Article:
Raise your hand if you’ve heard this. “My employees don’t want to come back to the office but continue to work from home. They say the get a lot more done at home.” Seems like I have heard these exact two lines multiple times. This sentiment is creating dilemmas for many business owners.
• Should I mandate that they come back to work?
• What should I do with this giant, empty office?
• Should I renew my lease or look for smaller space?
• Are they really more productive working from home?
• Am I just old school and out of touch wanting my team back in the office?
My guess is many of you reading this have been struggling with the same issues. Depending on your line of work, working from home has its benefits. Skipping the morning commute being the first and most obvious. Showing up to work in your slippers and “Zoom” shirt is another.
Full disclosure – I’m currently writing this from my summer home in my workout clothes, so I’m not writing this as someone against working from home.
“I get a lot more done at home because of the lack of interruptions.” As I designer, I know that getting something “done” isn’t always the best outcome. Perhaps with collaboration, I can make my design better. In the office, I often ask Tony to look at what I have taped down to my drawing board (yes – old school drawing board). If an aspect of my design is bothering me, he immediately spots it. Sometimes I talk through my dilemma, suggest a solution, and solve the problem with Tony nodding along as I talk. Just talking it through can be valuable.
Here in my summer home, I don’t have the luxury of that quick conversation. Collaboration becomes less spontaneous and must be more deliberate. I must un-tape my drawing, scan it, email it to Tony, and then call him. Then, once we have discussed the issue, I must re-tape my drawing and start working on the solution. Obviously, that takes more time and effort than “hey come look at this when you have a minute.” Just this week, I used Facetime to show him my drawing. “Should I go with a gable dormer or a shed dormer?”
It worked, but as simple as it sounds, the phone kept casting a shadow on my drawing. Fortunately, I know the value of collaboration, so I continue to make that effort.
One Size/Solution Doesn’t Fit All
I remember recently during my physical, the nurse who was drawing my blood laughed at the idea of working from home. Her job could only be done with direct interaction with patients. As I think about the various task and job descriptions in my office and others, I realize some are better done in person while others can be remote.
When it comes to colors, I don’t trust what I see on my monitor. In what light was the product photographed? Was it a high-quality camera in full spectrum light? Is the color the same on my desk top monitor and my laptop monitor?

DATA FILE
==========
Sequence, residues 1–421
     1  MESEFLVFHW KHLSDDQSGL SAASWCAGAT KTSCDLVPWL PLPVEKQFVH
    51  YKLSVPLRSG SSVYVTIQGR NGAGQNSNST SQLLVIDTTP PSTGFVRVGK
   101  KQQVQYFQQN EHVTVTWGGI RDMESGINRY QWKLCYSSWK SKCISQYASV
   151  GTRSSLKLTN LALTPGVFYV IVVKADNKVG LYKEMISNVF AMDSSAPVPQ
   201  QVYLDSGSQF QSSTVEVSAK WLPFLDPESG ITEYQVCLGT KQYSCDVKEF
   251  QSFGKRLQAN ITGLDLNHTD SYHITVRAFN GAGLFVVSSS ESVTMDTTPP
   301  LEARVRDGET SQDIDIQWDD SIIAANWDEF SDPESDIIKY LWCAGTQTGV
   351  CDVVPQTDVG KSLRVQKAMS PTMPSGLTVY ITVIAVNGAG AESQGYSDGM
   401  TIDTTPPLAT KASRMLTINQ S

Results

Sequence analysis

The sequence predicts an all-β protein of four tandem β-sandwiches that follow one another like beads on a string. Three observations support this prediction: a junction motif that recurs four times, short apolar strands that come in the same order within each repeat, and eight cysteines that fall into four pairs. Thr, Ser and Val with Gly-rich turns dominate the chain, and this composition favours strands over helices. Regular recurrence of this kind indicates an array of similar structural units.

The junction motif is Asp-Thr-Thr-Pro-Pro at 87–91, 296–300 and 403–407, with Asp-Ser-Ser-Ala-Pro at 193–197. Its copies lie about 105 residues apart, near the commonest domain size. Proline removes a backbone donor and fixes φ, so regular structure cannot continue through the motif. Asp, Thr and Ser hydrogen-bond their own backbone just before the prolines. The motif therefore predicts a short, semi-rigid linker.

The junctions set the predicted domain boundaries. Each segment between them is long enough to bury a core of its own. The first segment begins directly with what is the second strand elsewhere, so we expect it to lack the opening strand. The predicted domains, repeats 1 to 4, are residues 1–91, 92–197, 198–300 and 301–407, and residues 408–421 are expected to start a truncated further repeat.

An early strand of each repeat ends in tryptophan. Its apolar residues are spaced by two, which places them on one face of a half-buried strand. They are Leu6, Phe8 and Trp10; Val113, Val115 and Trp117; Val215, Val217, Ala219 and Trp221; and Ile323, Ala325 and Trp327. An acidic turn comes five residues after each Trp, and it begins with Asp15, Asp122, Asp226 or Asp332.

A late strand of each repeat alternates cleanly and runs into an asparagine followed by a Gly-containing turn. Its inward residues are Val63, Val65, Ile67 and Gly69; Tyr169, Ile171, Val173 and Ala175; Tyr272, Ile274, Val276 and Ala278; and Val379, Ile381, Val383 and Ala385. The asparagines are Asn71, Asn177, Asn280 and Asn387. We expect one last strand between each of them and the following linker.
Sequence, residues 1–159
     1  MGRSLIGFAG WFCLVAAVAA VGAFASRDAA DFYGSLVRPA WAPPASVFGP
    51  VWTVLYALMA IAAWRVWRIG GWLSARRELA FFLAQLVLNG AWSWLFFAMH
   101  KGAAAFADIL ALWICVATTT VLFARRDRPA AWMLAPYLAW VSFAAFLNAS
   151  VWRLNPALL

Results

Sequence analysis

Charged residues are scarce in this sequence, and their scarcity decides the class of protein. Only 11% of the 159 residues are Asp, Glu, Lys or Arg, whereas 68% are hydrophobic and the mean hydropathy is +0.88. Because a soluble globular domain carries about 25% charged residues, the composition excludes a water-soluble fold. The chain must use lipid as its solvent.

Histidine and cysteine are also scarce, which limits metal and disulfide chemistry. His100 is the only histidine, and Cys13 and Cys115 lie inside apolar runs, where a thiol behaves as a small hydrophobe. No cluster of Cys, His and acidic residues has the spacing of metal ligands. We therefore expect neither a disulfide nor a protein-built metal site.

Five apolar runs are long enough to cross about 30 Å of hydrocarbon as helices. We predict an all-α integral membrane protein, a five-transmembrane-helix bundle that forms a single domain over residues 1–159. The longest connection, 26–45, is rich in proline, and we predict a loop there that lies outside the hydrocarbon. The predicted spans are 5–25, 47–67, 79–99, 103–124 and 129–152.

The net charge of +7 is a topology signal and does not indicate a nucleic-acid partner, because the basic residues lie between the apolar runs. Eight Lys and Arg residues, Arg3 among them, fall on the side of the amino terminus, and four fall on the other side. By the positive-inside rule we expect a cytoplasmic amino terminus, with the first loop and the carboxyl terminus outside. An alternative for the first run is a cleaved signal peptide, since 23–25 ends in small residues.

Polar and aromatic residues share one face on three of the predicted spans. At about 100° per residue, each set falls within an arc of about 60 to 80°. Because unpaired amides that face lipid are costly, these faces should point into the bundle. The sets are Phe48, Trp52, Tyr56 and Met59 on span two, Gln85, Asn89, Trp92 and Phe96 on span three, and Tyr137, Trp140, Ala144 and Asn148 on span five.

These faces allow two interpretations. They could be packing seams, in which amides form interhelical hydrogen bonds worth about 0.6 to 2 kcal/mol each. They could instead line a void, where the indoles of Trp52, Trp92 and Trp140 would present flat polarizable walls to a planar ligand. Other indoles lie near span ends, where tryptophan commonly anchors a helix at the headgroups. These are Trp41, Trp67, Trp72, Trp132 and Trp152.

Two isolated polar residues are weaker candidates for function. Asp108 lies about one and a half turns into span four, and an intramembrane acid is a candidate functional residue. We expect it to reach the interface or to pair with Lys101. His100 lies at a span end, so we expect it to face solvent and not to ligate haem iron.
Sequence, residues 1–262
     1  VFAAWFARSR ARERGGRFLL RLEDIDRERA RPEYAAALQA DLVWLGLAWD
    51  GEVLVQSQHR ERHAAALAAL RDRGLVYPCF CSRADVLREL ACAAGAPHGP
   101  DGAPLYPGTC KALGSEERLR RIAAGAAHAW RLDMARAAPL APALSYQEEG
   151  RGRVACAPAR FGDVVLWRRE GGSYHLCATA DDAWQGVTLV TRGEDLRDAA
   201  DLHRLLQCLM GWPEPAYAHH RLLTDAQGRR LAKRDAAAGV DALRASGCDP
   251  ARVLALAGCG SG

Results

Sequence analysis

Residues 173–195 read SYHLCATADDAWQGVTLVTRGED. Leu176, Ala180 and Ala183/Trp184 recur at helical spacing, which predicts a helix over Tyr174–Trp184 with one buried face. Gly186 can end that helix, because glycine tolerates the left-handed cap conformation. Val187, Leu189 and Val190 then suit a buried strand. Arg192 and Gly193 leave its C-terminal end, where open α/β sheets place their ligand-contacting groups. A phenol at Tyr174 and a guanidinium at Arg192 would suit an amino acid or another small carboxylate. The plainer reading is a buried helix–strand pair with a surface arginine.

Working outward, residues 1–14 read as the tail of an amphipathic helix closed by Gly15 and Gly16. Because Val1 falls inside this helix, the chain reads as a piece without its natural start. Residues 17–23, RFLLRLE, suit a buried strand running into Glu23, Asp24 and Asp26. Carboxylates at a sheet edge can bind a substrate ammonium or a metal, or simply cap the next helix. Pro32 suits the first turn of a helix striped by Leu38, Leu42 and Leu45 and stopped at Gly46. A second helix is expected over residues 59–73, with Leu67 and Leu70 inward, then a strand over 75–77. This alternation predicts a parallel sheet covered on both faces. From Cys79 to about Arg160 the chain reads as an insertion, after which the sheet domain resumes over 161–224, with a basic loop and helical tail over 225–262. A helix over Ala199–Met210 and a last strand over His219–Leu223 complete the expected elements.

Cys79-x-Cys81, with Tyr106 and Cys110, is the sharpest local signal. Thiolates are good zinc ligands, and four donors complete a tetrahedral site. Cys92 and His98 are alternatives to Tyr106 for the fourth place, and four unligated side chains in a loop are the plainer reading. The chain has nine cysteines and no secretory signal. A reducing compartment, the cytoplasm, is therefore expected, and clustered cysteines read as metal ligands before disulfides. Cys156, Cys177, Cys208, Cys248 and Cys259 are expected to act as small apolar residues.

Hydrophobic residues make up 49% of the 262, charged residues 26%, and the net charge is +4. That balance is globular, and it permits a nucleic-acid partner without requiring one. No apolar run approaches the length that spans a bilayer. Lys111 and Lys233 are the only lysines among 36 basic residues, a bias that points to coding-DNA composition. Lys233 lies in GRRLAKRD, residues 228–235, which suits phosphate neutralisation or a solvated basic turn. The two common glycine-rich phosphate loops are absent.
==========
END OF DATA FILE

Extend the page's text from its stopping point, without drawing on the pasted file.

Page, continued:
I can’t stress this enough: The best way to do color selections is in person – not via a monitor. I remember having to select a prefinished garage door for a builder. I looked online and there were five colors. But could I trust my monitor to give me an accurate picture of the color? Absolutely not. What I thought would work viewing on my screen didn’t work at all when I got the actual sample.
The same is true for interior designers. Is the teal of those pillows the same teal as the bedspread?
What about that taupe cabinet? Does is blend well with the tile back splash?
Do you really want to risk that important and expensive decision to the color accuracy of your monitor?
Computers, Monitors, Copiers and Scanners
The advances in laptop computers have really facilitated working from home. But is that all you need? How about a second monitor? What about a printer? We do a lot of our work on 11” by 17” paper – either full scale or half scale. But most people working from home don’t have access to an 11” by 17” printer. The same is true for a scanner. Depending on your task, these two devices can be critical to your ability to review and collaborate with others.
Mentoring and Personal Growth
We recently hired an intern from the University of Florida. Antonio was so eager to learn about our business, he was willing to work for free. We of course hired him for a paid internship and not only is he learning, but he is helping our business. His prioritization of learning really caught my attention. My colleague has several young designers in her firm. These same designers could work from home, but think how much more they can learn and grow when they are in the office collaborating and learning from others. Some of these young designers will own firms of their own one day, and this is the time for them to take it all in. We all can learn from each other, but can we do that when we are remote? Perhaps engage in good old fashion brainstorming.
A Variety of Solutions
As we move forward, can a blend of working from home and the office be possible? What tasks can be done from home and what needs hands on, in-person time? We have several in our office who balance working from home and working in the office. Pre-covid, it was the result of childcare and parents taking turns being home with their kids. Now we and others are questioning the amount of office space we really need. Can team members split time at shared workstations? If my designer friend can downsize her office space, can she then afford a second monitor for each team member – one for home and bigger one for the office?
As the band gets back together, I hope we can all brainstorm with renewed perspective from the past year and start making some real music in the home building industry!
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This post was written by Housing Design Matters